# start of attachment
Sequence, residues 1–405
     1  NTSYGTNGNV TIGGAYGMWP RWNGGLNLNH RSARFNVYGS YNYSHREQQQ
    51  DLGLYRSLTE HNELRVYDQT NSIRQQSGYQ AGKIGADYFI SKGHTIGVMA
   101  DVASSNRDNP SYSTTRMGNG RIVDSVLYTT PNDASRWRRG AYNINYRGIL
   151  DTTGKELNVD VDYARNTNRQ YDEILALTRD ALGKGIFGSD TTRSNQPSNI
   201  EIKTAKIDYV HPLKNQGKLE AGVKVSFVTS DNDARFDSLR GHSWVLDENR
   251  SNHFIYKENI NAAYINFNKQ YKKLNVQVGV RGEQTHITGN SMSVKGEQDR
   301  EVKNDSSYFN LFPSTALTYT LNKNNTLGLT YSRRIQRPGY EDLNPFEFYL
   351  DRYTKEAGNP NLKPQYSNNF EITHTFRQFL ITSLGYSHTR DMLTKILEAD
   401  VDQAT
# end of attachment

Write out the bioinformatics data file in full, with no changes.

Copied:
Sequence, residues 1–405
     1  NTSYGTNGNV TIGGAYGMWP RWNGGLNLNH RSARFNVYGS YNYSHREQQQ
    51  DLGLYRSLTE HNELRVYDQT NSIRQQSGYQ AGKIGADYFI SKGHTIGVMA
   101  DVASSNRDNP SYSTTRMGNG RIVDSVLYTT PNDASRWRRG AYNINYRGIL
   151  DTTGKELNVD VDYARNTNRQ YDEILALTRD ALGKGIFGSD TTRSNQPSNI
   201  EIKTAKIDYV HPLKNQGKLE AGVKVSFVTS DNDARFDSLR GHSWVLDENR
   251  SNHFIYKENI NAAYINFNKQ YKKLNVQVGV RGEQTHITGN SMSVKGEQDR
   301  EVKNDSSYFN LFPSTALTYT LNKNNTLGLT YSRRIQRPGY EDLNPFEFYL
   351  DRYTKEAGNP NLKPQYSNNF EITHTFRQFL ITSLGYSHTR DMLTKILEAD
   401  VDQAT